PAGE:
Evolutions & Solutions: Exploring Case Management Models.
by XSOLIS Insights, on Oct 21, 2020 6:00:00 AM
Your hospital or health system’s case management model – dyad, triad, or something in between – dictates incredibly important things: staffing ratios, review processes, technology needs, and much more. Knowing this, the question then becomes, how can each organization find the model that best serves their staff and their patients? Leaders of health system case management explored this central question during a recent panel discussion as part of the XCHANGE 2020 virtual event.
While weighing each model's pros and cons, it became clear that it's not necessarily an either-or issue. Taking a cue from one of our panelists, we turned this topic on its side and discovered it isn't about which model is right but rather how can you tweak these models to make them more effective for your work environment, your patient population, and your organizational size.
How can you re-design your current case management model into one that will work for your specific needs inside your specific healthcare system? And does that solution maximize communication and collaboration?
One health system’s solution turned everything you thought you knew about the triad model literally on its side. But before we explore that, we’ll look at the two most common models: dyad and triad.
The Two Models
One size does not fit all, so there is no perfect fit for each case management model. Panelists discussed the pros and cons of the models they use, and no matter the model, there was one common struggle they all still faced: communication.
Here’s a look at how each model works:
The Integrated (Dyad) Model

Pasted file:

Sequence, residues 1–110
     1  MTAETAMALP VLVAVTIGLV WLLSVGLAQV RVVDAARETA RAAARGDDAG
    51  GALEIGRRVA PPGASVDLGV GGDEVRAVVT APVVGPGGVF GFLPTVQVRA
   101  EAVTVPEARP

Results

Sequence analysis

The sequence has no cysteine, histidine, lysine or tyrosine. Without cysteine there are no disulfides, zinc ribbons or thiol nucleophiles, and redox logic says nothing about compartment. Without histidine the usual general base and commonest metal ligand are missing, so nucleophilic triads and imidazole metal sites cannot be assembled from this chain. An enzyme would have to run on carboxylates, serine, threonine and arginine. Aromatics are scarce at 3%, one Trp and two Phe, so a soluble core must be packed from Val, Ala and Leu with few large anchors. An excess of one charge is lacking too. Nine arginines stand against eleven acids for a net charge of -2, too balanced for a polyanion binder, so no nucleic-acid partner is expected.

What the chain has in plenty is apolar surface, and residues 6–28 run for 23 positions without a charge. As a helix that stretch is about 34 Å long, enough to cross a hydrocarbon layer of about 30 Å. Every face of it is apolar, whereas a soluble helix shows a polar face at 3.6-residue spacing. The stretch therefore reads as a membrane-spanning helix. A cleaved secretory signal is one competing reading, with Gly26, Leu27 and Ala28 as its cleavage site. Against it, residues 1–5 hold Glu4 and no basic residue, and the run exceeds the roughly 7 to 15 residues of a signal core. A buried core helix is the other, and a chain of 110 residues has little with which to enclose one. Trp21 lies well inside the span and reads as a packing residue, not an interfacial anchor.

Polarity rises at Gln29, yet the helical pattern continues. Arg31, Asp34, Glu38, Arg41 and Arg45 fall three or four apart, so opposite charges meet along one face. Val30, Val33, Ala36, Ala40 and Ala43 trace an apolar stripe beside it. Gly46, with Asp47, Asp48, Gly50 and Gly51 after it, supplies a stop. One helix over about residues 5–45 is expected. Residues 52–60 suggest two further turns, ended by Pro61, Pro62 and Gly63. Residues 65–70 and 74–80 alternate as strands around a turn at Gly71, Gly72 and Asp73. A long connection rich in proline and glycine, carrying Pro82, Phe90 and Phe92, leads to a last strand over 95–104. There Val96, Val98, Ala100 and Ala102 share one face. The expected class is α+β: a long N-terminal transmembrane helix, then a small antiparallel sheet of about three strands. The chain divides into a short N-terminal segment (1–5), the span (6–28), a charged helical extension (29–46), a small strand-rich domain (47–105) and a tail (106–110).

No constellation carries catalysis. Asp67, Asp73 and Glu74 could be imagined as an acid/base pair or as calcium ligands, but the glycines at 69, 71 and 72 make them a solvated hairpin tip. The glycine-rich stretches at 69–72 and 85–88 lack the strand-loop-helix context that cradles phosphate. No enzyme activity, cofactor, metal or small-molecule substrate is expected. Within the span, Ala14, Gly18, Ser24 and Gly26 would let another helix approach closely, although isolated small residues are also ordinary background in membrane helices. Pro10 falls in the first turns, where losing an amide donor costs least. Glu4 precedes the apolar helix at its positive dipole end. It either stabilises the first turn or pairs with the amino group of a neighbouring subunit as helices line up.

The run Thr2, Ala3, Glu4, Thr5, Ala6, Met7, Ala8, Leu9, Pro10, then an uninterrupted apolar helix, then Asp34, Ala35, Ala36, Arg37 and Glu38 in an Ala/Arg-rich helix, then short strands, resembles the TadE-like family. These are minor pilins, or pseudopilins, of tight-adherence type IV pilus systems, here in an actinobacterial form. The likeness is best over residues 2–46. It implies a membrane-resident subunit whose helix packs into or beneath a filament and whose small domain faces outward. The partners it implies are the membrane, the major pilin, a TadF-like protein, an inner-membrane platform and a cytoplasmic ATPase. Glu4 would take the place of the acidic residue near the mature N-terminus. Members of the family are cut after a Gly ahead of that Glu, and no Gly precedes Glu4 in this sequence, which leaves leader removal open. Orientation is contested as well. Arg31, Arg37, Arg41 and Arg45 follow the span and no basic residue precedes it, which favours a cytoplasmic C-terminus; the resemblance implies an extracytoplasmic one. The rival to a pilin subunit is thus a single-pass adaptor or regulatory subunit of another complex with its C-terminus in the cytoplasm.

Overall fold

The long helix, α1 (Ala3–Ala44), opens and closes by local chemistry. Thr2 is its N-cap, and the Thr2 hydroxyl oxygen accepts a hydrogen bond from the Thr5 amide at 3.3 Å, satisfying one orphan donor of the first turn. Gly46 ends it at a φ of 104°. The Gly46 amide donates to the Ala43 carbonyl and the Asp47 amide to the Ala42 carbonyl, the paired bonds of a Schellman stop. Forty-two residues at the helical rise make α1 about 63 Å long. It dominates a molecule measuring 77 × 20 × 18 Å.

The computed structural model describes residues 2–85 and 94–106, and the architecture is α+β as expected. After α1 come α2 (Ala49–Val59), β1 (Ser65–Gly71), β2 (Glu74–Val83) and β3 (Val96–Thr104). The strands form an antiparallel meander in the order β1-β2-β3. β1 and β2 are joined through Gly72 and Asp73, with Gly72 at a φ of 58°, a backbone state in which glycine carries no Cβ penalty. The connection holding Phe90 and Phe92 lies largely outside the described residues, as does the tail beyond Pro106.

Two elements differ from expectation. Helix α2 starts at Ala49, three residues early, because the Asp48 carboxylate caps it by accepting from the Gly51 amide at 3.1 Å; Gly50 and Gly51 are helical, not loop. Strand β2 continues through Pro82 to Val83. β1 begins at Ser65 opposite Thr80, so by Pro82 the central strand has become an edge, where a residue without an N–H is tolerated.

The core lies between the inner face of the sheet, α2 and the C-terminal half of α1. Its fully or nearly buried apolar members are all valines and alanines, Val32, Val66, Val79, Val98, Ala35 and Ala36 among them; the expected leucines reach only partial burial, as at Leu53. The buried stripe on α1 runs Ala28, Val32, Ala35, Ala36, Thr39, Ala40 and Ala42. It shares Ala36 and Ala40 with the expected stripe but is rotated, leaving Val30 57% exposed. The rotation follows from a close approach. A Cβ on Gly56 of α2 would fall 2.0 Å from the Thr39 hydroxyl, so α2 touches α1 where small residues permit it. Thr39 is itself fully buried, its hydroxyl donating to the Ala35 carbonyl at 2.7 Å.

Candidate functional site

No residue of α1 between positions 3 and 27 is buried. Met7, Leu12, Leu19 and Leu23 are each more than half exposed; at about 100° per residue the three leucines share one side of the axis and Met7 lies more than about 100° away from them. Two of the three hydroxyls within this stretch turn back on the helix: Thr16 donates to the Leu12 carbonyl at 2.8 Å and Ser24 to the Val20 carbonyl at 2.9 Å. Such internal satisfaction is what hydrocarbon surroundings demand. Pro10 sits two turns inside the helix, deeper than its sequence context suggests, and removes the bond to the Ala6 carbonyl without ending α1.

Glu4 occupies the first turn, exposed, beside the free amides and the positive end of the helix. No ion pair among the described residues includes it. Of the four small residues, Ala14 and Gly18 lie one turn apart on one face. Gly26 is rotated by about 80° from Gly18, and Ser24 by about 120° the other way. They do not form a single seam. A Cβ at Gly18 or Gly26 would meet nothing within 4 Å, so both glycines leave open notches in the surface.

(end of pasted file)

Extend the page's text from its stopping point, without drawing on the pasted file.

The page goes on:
Typically has a single manager (Nurse Case Manager) responsible for overseeing all three functions for a given patient, including UM< care coordination, and discharge planning. Smaller hospitals and healthcare systems favor this model.
The Collaborative (Triad) Model
Traditionally assigns different case management functions to different managers. So, a case management department may have one RN handle utilization review, another coordinating care & discharge planning, and a social worker handling psychosocial assessments and high-risk discharges. Larger hospitals and health systems favor this model.
While there are benefits to each, depending on the size of the healthcare system, the panelists agreed that communication and collaboration were obstacles they faced – silos often arise from differing reporting structures, unclear outcomes, downstream workloads, and more.
While trying to find a better way for case management models to work is a big task to tackle, sometimes one simple act can be the catalyst to the change you need. For Hillcrest HealthCare System, a moment of frustration about the continuous struggle of dealing with inefficient processes due to siloed communication lead to reimaging the triad model... sideways.
It’s called the Right Care Model, based on the five rights of resource management.
The way the model is different than any other model is that it really takes a holistic approach to patients,” said Michelle Allen, Director of Case Management for Hillcrest Medical Center.
The results of implementing the Right Care Model? Hillcrest HealthCare saw a reduction in length of stays, a reduction of readmissions, and a significant spike in patient satisfaction.
But Hillcrest HealthCare says this model would not be able to exist without XSOLIS’ CORTEX technology platform. Because the model is labor-intensive, the artificial intelligence and machine learning XSOLIS provide in driving the UR process is critical in implementing the model.
“We went live in June with CORTEX and the team really liked this model of case management, but it was very manual,” shared Michelle. “So, going to the CORTEX platform has helped the team adapt easier and helped make this model work.”
To hear more about what it took to put it into action and learn about the steps you should take to start a change in your organization successfully with XSOLIS, you can watch the full discussion here.